Is anyone out there? HDST could tell us
A futuristic project for the heir to Hubble and the James Webb: a super-telescope with a mirror 12 meters in diameter to be placed in orbit in the thirties. For now little more than a dream, however, described in detail in a report just published by a group of USA astronomers.
Take a group of astronomers of the most quoted of the United States. Put them around a table. And ask him to design the telescope of their dreams. It’s more or less what he did the AURA, the Association of Universities for Research in Astronomy. The result, published last Monday, is a relationship, midway between vision and reality, describing the potential heir to Hubble and JWST. A relationship that has time for the future and the conditional way. A relationship that begins quoting the prediction of an astrophysicist of Italian descent, the Nobel Riccardo Coats.
In the next century – provided Coats in 1997 – humanity will have the tools to “study the evolution of the Universe as well as to relate causal physical conditions during the Big Bang with the development of RNA and DNA.” Well, the next century is now. “The time is ripe to raise the challenge,” write the authors of “From Cosmic Birth to Living Earth”. And the instrument that would entrust the ambitious task already has a name: High Definition Space Telescope (HDST).
Grandson designated anchor unsurpassed Hubble Space Telescope (HST) and son of the James Webb (JWST, whose launch is planned for 2018), the visionary project promises, of course, features to embarrass even the most optimistic among the space engineers. Let’s look at a quick identikit. First of all, the mirror, which in this case is practically all: an eye composite (honeycomb, as for JWST) formed by segments 54, to be deployed at the destination until reaching 12 meters in diameter – double that of the already huge James Webb and five times to Hubble. A collecting area that are the envy at the best ground-based telescopes today, then, but it placed in the second Lagrange point (L2) that – already half of WMAP, Planck, Herschel and GAIA – has long become a paradise space astronomy. With all the ensuing problems, chief among them the burden: how to ship a mirror monster like that in a million and a half km from the Earth is, in fact, among the many aspects that border the HDST in the realm of desire, that to today more insurmountable.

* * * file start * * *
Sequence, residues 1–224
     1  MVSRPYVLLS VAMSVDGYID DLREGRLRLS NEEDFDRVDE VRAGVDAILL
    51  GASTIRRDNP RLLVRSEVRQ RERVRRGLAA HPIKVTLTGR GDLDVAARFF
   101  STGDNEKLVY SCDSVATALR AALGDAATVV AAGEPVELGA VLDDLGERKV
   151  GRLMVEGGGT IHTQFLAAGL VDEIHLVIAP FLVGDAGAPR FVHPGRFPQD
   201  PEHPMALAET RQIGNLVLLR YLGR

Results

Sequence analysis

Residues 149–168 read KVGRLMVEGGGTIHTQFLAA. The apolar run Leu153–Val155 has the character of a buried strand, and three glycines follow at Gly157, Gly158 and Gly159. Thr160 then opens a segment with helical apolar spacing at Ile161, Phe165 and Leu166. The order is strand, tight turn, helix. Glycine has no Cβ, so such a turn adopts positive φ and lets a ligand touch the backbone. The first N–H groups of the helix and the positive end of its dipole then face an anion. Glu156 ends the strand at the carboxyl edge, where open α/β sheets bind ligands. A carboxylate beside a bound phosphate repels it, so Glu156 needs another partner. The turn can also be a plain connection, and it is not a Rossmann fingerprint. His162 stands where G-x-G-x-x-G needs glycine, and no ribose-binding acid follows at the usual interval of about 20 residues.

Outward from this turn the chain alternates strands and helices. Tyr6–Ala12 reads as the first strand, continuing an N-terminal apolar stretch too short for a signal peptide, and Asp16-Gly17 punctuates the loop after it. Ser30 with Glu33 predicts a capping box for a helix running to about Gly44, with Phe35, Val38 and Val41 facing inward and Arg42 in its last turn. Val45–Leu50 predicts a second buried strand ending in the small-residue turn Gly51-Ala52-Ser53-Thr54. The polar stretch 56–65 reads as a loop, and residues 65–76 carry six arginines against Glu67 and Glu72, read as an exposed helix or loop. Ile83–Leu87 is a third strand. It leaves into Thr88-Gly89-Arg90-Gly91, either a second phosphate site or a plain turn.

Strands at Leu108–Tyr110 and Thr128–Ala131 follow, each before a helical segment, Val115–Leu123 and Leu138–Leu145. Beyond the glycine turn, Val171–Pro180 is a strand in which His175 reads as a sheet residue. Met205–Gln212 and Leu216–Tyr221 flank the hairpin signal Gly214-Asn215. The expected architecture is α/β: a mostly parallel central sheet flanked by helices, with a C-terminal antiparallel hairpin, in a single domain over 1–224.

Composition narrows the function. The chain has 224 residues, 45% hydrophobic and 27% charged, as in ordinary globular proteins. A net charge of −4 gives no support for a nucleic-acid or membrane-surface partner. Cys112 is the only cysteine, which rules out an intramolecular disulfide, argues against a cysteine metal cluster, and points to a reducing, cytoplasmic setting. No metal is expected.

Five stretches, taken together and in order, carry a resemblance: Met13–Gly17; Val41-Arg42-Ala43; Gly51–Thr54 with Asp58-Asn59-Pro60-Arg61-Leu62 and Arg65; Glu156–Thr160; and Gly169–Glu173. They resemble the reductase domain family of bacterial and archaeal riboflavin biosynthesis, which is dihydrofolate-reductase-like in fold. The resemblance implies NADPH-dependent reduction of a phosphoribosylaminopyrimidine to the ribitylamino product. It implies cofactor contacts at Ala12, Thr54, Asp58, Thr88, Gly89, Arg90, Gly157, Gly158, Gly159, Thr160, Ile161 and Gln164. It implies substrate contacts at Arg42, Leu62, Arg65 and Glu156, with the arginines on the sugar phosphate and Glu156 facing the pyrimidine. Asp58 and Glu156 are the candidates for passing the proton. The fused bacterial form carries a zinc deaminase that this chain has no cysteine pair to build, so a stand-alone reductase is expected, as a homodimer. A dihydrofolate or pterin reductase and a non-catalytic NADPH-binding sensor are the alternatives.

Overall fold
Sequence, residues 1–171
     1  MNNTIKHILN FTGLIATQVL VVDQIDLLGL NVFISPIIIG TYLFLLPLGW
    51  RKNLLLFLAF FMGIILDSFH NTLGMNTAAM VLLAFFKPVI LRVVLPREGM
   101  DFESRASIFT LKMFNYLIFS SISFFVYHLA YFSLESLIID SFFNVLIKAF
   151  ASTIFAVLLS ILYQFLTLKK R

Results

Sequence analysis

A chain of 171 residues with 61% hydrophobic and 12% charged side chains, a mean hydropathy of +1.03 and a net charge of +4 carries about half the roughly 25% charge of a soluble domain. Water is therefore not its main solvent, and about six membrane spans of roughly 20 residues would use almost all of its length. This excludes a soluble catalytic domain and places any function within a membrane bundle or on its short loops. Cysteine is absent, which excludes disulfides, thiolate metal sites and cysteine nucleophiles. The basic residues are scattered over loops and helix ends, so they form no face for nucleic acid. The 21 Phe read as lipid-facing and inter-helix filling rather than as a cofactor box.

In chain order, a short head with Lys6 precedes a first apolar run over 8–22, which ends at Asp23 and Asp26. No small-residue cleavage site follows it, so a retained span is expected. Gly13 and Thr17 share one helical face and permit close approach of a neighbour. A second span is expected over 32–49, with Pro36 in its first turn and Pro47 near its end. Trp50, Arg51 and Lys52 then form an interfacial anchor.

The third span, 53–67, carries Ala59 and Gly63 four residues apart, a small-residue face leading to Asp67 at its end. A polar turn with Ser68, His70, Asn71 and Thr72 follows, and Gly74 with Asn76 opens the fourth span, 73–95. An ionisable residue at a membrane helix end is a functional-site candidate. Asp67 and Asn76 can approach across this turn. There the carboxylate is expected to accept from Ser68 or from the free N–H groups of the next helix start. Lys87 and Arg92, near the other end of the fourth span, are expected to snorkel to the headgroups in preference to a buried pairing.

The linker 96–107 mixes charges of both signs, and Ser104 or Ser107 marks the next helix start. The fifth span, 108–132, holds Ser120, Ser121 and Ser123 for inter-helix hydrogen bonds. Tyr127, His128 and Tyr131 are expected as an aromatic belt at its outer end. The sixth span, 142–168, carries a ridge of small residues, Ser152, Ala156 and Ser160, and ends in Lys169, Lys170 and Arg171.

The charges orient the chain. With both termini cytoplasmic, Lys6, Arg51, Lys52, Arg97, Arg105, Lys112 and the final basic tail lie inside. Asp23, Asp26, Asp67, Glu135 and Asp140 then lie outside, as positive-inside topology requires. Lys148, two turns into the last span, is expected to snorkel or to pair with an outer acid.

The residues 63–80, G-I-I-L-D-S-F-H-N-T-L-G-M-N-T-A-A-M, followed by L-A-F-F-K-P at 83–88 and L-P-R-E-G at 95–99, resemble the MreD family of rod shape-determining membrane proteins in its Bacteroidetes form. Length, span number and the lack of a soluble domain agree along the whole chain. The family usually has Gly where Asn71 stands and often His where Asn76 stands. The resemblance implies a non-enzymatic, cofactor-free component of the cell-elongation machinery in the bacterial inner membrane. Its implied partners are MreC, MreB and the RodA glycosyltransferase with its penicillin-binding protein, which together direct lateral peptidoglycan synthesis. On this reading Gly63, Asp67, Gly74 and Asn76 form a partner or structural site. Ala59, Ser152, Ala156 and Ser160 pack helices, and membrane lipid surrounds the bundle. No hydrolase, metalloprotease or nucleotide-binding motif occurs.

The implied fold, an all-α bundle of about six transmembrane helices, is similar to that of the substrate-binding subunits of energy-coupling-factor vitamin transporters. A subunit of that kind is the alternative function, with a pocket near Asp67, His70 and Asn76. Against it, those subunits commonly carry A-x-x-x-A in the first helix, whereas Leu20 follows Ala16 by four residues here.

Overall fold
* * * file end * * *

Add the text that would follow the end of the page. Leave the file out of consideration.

Credit: C. Godfrey/Space Telescope Science Institute
Significantly larger than JWST, then, but also different in terms of sensitivity to the “colors”. Size aside, in fact, from the point of view of the coverage of the electromagnetic spectrum HDST promises to be more like “grandfather Hubble” than “father James Webb” so sensitive to visible and ultraviolet light, while JWST focuses on the infrareds . A choice with at least two important consequences: life expectancy and scientific objectives. As to the first, it is obvious: nothing infrared means no need for cryogenic liquids, destined sooner or later to run out. Being able to operate at room temperature, HDST may work for several years.
And the scientific goals? Given that a monster like you can ask virtually everything an astronomer has never dared to ask, if the sensitivity of the infrared James Webb makes it particularly suited to the study of stars and galaxies in the young, the ground of election HDST celestial bodies are small and relatively close: exoplanets.
Credit: D. Ceverino, C. Moody, G. Snyder, Z. Levay / STScI
In particular, those that orbit at about 600 stars that are within a hundred light-years away. One can estimate that has left the NASA Kepler probe, about one in ten of these stars could host a planet – with a size comparable to our – in “habitable zone”: that is to say, where the temperature is compatible with life so as we know it. In other words, a few dozen potential “sisters” of the Earth. Well, analyzing the atmosphere HDST might be able to tell us if indeed host some form of life. Could, in the conditional. And not just at the cost of balance: at least $ 10 billion, roughly the amount of the package of reforms that Greece is negotiating at this time. Moreover, to understand whether we are alone in the universe is one of those missions that no amount of money, even more stratospheric, will ever convince us to abandon.